Is there a more controversial topic in business today than whether or not employees should be allowed to work away from the office?
Just throw the question out there for discussion. Pretty soon, everyone will be raising their voices—and not because they’re in different offices.
Staunch proponents of remote teams will tell you (often with a raised voice) that given today’s cloud-based communication and collaboration tools, you’d be a fool to cut yourself off from the majority of the world’s talent pool and limit your company only to those employees within driving distance of your office.
“You miss out on most of the world’s talent pool by only hiring people within driving distance of your office.”
Opponents will shout back that it’s not possible to develop the chemistry and team cohesion a company needs to be successful if that “team” is just a bunch of faceless emails and disembodied phone voices scattered all over the world, communicating asynchronously at all hours of the day and night.
So who’s right? Indeed, is there really a right answer to the remote-team question?
We at ProductPlan admittedly come to the subject with a bias. We believe strongly that remote product teams can develop successful, game-changing products just as well as those teams whose members are all working under the same roof.
Our bias comes partly from seeing time and time again how effectively distributed product teams are able to use our web-based roadmap software to work together to advance a successful product strategy—even if those teams are comprised of people on several continents.
The rest of our bias comes from the fact that we ourselves operate a highly distributed cross-functional team.
How do we make it work? And how have so many users of ProductPlan made it work?
Based both on our research into remote teams and our firsthand experience as a distributed team ourselves, here are four suggestions for making your remote product team a success.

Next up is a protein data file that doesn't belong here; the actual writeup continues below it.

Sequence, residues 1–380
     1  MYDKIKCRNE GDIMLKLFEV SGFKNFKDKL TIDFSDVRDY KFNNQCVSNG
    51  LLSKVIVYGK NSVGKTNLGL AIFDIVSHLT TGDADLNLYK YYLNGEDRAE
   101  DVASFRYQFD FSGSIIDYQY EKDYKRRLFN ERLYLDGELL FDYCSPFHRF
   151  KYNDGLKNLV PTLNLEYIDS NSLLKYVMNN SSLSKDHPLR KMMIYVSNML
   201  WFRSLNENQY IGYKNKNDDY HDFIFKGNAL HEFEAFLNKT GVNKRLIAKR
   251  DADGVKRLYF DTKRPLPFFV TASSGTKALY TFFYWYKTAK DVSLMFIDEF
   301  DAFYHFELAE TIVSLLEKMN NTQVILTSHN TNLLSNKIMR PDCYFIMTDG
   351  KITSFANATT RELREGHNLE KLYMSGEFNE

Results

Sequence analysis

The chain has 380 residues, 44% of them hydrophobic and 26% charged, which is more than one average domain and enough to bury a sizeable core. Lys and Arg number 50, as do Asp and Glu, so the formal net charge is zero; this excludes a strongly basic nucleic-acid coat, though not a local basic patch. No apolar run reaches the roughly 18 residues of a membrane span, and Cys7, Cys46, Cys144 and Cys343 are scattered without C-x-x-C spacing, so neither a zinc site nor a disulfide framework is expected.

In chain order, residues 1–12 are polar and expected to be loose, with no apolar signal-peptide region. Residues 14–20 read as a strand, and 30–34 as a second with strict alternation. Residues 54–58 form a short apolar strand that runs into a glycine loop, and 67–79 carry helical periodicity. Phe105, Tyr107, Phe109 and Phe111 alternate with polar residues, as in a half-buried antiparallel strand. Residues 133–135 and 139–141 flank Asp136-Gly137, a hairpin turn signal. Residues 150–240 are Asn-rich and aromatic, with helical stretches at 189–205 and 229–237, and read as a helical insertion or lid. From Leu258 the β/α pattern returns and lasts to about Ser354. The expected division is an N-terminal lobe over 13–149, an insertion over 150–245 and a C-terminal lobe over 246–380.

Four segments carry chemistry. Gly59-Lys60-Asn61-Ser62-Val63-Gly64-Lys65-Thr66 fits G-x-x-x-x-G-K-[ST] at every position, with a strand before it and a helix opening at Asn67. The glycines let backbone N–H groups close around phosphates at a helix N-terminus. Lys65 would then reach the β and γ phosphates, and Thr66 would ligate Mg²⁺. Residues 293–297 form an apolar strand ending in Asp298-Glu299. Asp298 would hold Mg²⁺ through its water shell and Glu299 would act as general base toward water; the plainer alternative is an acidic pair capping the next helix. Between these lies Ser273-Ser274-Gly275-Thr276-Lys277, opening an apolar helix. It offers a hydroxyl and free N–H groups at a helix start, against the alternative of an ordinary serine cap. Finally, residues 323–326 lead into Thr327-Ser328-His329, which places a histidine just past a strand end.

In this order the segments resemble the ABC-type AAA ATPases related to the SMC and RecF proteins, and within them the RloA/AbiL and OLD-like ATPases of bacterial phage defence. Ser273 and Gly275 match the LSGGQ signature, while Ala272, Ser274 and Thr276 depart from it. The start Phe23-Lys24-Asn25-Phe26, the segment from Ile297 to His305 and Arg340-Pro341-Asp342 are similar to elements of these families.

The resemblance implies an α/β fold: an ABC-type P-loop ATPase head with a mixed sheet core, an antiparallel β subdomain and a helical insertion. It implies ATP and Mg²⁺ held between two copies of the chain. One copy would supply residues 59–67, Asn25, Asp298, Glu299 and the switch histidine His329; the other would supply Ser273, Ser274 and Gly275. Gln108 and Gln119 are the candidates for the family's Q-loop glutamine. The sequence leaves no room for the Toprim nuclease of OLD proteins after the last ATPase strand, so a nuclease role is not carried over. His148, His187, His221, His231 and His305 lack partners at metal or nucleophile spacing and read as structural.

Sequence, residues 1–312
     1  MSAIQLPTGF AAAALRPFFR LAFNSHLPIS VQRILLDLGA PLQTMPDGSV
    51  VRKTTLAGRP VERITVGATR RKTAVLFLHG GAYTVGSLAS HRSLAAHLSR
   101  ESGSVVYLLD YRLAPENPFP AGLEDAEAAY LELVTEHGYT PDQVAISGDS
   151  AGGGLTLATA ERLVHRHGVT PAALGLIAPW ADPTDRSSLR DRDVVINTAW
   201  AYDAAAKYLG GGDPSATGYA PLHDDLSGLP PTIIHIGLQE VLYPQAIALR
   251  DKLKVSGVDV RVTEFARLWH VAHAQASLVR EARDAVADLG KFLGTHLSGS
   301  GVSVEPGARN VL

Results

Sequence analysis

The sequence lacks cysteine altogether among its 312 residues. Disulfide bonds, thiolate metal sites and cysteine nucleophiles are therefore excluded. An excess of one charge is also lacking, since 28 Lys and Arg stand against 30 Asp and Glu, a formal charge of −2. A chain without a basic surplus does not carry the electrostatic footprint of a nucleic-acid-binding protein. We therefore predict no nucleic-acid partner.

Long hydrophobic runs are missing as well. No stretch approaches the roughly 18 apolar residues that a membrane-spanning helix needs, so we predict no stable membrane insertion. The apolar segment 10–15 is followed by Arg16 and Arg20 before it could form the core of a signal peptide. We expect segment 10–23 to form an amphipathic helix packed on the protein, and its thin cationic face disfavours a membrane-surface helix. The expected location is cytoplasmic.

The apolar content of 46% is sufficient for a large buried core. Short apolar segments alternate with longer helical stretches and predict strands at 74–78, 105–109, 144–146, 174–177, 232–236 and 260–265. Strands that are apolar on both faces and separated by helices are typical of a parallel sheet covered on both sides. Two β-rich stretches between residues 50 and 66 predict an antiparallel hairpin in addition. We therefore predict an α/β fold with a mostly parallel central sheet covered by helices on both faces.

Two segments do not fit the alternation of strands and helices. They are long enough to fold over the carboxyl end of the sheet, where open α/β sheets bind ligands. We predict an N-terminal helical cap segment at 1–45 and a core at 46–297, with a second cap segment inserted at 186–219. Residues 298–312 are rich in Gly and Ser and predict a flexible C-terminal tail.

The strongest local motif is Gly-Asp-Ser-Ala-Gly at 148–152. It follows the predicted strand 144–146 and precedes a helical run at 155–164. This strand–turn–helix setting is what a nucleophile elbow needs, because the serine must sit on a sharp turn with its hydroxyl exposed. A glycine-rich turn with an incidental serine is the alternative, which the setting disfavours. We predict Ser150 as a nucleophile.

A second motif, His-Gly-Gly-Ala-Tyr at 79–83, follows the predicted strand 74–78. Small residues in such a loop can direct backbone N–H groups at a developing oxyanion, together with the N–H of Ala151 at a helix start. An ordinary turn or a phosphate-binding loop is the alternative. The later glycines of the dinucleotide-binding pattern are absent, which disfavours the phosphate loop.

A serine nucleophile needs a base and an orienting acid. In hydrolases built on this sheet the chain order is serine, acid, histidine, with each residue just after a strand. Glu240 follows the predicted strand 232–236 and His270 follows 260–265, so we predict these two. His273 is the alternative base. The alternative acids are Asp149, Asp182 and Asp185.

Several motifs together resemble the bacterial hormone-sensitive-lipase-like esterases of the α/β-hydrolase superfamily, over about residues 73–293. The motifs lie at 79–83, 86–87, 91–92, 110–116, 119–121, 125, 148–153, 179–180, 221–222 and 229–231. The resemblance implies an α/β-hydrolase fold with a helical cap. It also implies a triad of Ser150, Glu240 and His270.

1. Hire the right people.
One important insight we’ve gleaned from interviewing product executives for our Product Lessons Learned series is that smart leaders know how to prioritize the skills and strengths in the product managers they hire based on the specific needs of their companies.
Some place a premium on curiosity when hiring a new product manager. Others have told us they value passion above all other traits. Still other product execs have said that when they’re interviewing product managers, they’re looking first and foremost for an entrepreneurial mindset.
But do you know what we haven’t heard as a key trait in a product manager—not from a single one of the product leaders we’ve interviewed? The ability to be at a specific desk, in a specific building, during a specific set of hours each day.
You already know this intuitively, but it’s worth underscoring here if you’re considering developing a remote product team, or if you’re already a part of one and want ideas for how to make it more successful. If you’ve hired the right people for the right roles, and those people are bringing the characteristics to the team that you value most—passion, problem-solving ability, empathy, etc.—where they work won’t really matter so much.
2. Start slow as you develop your remote product team.
In The 4-Hour Workweek, author Tim Ferriss offered a brilliant suggestion to a would-be remote worker who hadn’t yet gotten permission from her company to take her job out of the corporate offices and start working at home (or Starbucks).
Because shifting to a remote-work arrangement would represent such a dramatic change in culture for a company that didn’t already allow it, Ferriss suggested starting small—very small, perhaps asking for just one day a week to work remotely. (Maybe even a day every other week.)
Then, Ferriss suggested, on this day the remote worker should make darn sure she’s highly productive—delivering more than her typical day’s amount of work, all while being accessible at all times to the team back at the office.